Nothing is more likely to destroy a species or a nation than a determination to survive at all costs. Those who care for something else more than civilization are the only people by whom civilization is at all likely to be preserved. Those who want Heaven most have served Earth best. Those who love man less than God do most for man...
Let the bomb find you doing well.'
May the virus stay far away from us.
But should it find any of us or those we care about, let it also find us and them doing well.
- Rabbi Cary Kozberg
~ HIGH HOLY DAYS 5781 ~
Please take a moment to mark your calendar for the upcoming High Holy Days. Details along with service times will be available in the September newsletter as well as via e-mail. There will be some changes this year due to the restrictions of the pandemic. But services will be held in the sanctuary as well as being available thru Zoom.
Friday, Sept 18.......... Erev Rosh Hashanah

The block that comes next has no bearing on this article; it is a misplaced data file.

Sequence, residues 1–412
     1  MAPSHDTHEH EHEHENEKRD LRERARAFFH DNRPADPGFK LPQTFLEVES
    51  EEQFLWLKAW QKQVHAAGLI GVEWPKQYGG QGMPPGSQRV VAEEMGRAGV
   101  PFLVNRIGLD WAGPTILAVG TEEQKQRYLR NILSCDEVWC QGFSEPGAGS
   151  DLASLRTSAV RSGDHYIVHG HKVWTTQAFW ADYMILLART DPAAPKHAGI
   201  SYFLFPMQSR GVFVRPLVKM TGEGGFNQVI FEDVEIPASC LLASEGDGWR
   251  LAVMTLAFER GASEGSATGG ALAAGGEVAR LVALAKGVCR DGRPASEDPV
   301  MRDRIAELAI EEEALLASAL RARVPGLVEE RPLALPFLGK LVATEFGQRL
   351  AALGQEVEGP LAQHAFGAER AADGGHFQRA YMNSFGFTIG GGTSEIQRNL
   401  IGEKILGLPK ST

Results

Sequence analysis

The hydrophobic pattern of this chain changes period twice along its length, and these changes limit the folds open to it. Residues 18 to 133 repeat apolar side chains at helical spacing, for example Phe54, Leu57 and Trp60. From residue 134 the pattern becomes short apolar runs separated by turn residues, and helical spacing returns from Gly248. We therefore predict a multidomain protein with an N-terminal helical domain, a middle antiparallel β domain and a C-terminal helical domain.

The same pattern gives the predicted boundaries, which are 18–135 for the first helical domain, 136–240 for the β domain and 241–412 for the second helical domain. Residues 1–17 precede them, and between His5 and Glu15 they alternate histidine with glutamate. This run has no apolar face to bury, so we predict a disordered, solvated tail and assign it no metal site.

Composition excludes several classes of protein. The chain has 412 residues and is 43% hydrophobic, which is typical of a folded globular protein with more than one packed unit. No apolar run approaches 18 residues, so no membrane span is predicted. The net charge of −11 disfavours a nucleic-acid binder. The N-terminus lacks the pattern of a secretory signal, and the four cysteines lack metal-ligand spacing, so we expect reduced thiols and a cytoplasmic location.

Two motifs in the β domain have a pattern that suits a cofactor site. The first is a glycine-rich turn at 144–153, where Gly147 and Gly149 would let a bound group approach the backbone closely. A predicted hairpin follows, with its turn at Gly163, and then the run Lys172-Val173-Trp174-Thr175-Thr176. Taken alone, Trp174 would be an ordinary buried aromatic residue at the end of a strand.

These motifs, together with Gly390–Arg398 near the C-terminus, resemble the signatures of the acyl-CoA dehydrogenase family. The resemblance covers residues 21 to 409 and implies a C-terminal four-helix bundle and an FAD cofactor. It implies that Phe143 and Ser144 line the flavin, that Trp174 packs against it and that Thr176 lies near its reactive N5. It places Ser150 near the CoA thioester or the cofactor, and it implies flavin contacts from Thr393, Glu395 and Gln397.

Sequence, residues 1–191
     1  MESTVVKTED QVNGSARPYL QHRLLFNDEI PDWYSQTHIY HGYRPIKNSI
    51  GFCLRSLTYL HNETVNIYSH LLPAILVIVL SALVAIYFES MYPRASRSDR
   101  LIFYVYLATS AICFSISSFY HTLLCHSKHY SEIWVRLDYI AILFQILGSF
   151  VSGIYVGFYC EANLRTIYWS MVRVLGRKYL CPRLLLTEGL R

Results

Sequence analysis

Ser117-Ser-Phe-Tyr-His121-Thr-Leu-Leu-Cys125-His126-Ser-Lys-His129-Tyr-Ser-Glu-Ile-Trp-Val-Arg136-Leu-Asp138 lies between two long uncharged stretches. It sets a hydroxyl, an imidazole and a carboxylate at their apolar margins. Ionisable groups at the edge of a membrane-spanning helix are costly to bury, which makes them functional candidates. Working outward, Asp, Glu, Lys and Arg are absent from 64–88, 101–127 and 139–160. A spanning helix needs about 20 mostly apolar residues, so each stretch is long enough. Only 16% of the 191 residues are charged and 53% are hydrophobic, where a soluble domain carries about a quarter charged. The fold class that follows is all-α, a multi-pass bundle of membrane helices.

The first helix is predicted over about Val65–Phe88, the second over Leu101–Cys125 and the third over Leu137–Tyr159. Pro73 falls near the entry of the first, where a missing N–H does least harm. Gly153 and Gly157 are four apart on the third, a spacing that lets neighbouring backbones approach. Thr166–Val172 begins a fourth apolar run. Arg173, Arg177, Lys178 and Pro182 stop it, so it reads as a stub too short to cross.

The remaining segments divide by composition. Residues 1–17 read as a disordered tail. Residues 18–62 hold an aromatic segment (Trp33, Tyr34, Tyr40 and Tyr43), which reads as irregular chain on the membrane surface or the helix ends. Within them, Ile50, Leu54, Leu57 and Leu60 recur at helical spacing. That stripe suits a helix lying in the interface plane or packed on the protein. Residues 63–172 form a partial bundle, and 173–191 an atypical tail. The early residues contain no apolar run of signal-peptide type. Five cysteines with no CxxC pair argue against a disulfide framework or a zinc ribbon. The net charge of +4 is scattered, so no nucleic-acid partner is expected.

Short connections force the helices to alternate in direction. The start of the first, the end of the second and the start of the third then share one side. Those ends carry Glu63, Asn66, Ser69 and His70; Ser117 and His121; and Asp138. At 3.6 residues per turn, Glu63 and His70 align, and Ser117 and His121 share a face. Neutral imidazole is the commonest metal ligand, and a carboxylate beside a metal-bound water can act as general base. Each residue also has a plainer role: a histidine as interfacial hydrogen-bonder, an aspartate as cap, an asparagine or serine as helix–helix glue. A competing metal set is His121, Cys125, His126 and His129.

Saturday, Sept 19.......... Rosh Hashanah
Sunday, Sept 27.......... Kol Nidre
Monday, Sept 28.......... Yom Kippur
Saturday, Oct 3.......... Sukkot
Sunday, Oct 11.......... Simchat Torah
~ YOM KIPPUR BOOK OF REMEMBRANCE ~
Hopefully you have received your letter and form to list the names of your loved ones in this year's Memorial Booklet. Please complete your information and return to the Temple office at your earliest convenience.
~ CONTRIBUTIONS ~
- A generous contribution has been received from Clare Perks
- A generous contribution has been received from Inas Sisler in memory of her husband Jeff
- Happy 90th Birthday wishes to my husband Stan from Phyllis Nedelman
- Happy 90th Birthday wishes to Stan Nedelman from Sanford and Faye Flack